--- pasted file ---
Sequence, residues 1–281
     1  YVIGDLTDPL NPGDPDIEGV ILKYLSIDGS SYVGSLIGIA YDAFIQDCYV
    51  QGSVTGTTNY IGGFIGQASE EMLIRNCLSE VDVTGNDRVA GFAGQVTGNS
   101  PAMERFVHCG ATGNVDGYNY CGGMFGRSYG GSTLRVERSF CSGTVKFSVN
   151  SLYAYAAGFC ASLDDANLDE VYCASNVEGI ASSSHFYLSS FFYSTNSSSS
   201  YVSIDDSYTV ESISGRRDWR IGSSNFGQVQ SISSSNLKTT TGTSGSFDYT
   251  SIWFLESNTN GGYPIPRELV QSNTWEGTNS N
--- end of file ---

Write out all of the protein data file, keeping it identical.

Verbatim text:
Sequence, residues 1–281
     1  YVIGDLTDPL NPGDPDIEGV ILKYLSIDGS SYVGSLIGIA YDAFIQDCYV
    51  QGSVTGTTNY IGGFIGQASE EMLIRNCLSE VDVTGNDRVA GFAGQVTGNS
   101  PAMERFVHCG ATGNVDGYNY CGGMFGRSYG GSTLRVERSF CSGTVKFSVN
   151  SLYAYAAGFC ASLDDANLDE VYCASNVEGI ASSSHFYLSS FFYSTNSSSS
   201  YVSIDDSYTV ESISGRRDWR IGSSNFGQVQ SISSSNLKTT TGTSGSFDYT
   251  SIWFLESNTN GGYPIPRELV QSNTWEGTNS N